Italian Cooking & Language Blog

Fare La Scarpetta means to wipe your plate clean with a piece of bread.

What else could you ask for?

Monday, April 30, 2012

Arborio Rice from Bob's Red Mill

As I described in a recent Buono! post about risotto, risotto is commonly made with the short-grain, high starch arborio rice.

The other day, I prepared Bob's Red Mill's arborio rice and followed their basic recipe. Well, maybe "followed" is too strong of a verb. As I often do, I started with a recipe and made some adjustments along the way.

This time I substituted olive oil for butter and chose not to add the peas. Instead, I started the dish by sautéing the onion with sliced kale. Then, I put the kale on the side (so as not to overcook it) and continued the recipe. I added the kale to the cooked rice at the very end. At that point, I seasoned the dish with rosemary and sage. I served the risotto topped with pine nuts, olive oil and freshly grated cheese and hot pepper flakes. 

The lesson about altering a recipe? Once you are comfortable with a dish (the general cooking time, necessary components, like the rice to broth ratio here), make the necessary changes to cook the dish that you wish to eat.

Full Disclosure: I received the rice for review from Bob's Red Mill (thank you!); I was not compensated for this post. All opinions here are entirely my own.

Monday, April 23, 2012

Buono!: Polenta

Dinner polenta with carrots, kale and white beans

Breakfast polenta toasted and topped with a fried egg

What’s the difference between corn meal and polenta?
The price.

Yes, that was a polenta joke and, like many jokes, it offers some truth. Polenta is corn meal, which means you can purchase cheap corn meal instead of an imported version with the Italian word polenta and serve the same results for less money.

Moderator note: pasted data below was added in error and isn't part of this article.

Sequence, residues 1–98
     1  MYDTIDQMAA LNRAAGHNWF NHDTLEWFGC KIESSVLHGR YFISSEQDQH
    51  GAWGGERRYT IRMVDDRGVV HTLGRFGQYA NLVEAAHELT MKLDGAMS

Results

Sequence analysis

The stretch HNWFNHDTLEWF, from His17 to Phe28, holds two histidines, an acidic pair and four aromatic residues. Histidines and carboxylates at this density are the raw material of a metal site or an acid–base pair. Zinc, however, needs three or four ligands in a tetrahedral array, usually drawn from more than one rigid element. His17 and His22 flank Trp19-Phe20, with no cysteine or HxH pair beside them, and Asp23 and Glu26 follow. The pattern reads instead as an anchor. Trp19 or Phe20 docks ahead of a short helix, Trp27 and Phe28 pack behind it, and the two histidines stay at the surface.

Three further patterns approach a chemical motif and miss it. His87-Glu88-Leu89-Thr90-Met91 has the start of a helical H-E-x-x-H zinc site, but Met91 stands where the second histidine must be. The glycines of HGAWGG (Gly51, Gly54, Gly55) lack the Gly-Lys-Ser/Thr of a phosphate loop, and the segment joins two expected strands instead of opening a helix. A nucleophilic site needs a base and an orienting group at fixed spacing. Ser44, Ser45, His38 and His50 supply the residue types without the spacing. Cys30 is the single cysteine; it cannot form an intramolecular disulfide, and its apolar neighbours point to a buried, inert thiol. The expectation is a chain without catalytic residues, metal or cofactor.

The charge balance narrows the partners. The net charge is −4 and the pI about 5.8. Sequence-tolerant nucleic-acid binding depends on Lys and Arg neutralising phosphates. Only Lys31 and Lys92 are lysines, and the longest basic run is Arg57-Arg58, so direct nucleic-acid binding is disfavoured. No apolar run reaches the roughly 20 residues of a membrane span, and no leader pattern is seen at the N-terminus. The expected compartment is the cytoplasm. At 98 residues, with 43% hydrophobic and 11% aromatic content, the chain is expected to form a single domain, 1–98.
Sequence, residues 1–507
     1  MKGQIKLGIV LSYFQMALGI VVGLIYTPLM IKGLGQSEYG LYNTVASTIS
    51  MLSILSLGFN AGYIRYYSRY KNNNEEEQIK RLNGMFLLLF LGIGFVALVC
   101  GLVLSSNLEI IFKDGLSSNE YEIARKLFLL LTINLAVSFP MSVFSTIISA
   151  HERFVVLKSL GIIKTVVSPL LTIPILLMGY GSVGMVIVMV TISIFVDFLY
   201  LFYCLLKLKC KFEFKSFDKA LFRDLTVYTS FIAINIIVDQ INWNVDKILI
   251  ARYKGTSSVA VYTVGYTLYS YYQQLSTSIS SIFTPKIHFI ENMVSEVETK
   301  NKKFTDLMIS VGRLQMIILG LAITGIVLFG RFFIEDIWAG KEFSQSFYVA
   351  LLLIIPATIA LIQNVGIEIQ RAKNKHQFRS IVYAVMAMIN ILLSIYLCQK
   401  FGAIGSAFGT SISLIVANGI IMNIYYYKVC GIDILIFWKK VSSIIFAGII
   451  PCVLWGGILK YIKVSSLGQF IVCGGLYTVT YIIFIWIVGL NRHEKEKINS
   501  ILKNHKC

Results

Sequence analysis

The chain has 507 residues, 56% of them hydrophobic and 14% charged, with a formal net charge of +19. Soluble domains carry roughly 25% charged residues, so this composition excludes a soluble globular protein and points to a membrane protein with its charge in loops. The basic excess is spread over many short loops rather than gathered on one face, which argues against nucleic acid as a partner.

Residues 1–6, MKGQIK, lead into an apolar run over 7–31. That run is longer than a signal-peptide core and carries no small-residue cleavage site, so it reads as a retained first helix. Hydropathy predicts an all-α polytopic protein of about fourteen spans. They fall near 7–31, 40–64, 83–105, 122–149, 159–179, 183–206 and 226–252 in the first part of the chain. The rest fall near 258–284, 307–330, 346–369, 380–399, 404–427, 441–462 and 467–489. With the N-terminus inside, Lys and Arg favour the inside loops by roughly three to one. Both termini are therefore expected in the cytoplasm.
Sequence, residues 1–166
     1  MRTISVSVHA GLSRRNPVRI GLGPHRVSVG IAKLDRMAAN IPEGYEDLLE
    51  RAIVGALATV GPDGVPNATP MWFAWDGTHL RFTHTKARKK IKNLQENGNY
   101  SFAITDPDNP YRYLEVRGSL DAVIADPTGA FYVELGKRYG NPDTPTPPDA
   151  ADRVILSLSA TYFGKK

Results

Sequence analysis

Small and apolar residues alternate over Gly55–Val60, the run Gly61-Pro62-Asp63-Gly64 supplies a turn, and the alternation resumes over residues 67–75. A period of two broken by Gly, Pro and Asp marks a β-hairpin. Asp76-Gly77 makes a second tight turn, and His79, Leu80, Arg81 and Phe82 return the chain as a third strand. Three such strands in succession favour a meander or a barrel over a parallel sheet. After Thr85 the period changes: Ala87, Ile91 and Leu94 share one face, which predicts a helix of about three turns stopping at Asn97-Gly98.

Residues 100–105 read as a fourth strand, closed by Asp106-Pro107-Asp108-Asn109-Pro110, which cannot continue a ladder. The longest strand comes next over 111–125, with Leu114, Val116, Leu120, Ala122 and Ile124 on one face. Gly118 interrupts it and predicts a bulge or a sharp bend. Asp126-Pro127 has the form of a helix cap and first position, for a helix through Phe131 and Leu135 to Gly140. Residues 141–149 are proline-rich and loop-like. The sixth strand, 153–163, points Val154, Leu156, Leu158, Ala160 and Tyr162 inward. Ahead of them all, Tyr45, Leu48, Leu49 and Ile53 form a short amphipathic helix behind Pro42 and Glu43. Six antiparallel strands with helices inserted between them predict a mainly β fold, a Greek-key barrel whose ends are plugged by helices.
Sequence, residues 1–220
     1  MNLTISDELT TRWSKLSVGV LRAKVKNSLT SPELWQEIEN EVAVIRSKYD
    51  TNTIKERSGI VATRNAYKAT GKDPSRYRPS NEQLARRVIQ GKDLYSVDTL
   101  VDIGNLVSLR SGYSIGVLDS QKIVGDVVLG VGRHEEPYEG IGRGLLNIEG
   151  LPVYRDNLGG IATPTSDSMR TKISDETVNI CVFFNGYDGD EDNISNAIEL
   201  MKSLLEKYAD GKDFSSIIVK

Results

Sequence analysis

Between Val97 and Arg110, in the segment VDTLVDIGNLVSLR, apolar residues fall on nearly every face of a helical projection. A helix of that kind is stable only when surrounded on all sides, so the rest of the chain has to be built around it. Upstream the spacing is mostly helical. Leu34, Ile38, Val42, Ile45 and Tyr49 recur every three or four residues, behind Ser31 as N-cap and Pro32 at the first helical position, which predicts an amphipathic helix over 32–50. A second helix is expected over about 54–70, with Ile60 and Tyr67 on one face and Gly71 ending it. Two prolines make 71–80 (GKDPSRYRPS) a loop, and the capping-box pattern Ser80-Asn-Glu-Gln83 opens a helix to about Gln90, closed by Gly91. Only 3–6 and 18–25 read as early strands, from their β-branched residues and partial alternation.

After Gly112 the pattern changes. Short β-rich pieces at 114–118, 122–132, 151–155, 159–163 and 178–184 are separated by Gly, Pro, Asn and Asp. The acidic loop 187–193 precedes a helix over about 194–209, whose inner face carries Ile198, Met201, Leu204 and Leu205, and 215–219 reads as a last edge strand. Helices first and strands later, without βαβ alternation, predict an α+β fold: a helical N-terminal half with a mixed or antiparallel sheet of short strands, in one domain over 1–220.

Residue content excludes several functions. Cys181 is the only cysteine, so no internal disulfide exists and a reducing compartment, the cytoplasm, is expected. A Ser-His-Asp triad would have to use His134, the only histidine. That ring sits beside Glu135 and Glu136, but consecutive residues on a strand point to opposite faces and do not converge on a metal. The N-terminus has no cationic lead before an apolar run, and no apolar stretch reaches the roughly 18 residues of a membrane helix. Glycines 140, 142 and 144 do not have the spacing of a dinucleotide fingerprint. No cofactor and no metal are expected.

A reader recently wrote to ask about my favorite polenta recipes. While the name sounds unappealing, I usually start with the recipe for “Corn Meal Mush” on the back of the Quaker Yellow Corn Meal container (you can find a similar one here) and add a little olive oil and spices. 

The trick when cooking corn meal is to avoid the lumps that can easily form. The fine grain cooks quickly and clumps at the same speed. Try starting with the corn meal in the water before you heat it or mix half the water with corn meal and then add the mixture to the boiling water slowly. The classic approach is to slowly pour in the corn meal into the boiling water while mixing rigorously with your other hand. 

I recently tried the Polenta with Beans and Vegetables recipe from Michele Scicolone’s cookbook The Italian Slow Cooker. This dish combines polenta with white beans, kale (or a similar green, leafy vegetable) and grated carrots. (Read the whole recipe here through Google books). It was delicious and super easy. I do admit that I peaked in on it a few times and stirred it. I couldn’t resist. I served it in a bowl topped with olive oil, hot pepper and freshly grated cheese.  See the picture above.

Leftover polenta in the fridge becomes a dense block. When you store it, make sure to flatten out the top (with a spoon) so that you can better slice it later. After refrigeration, the result is much like the tubes of cooked polenta that you can purchase.

So, the next day you have a block of polenta. After slicing, the result looks a little like slices of bread, right? You can serve it like bread, too. Above, you’ll see that I toasted it and topped it with an egg for breakfast. You can also fry or bake the slices and top them with anything you like (think of it like bruschetta and add tomatoes, or olives or … you decide.)

What is your favorite polenta recipe?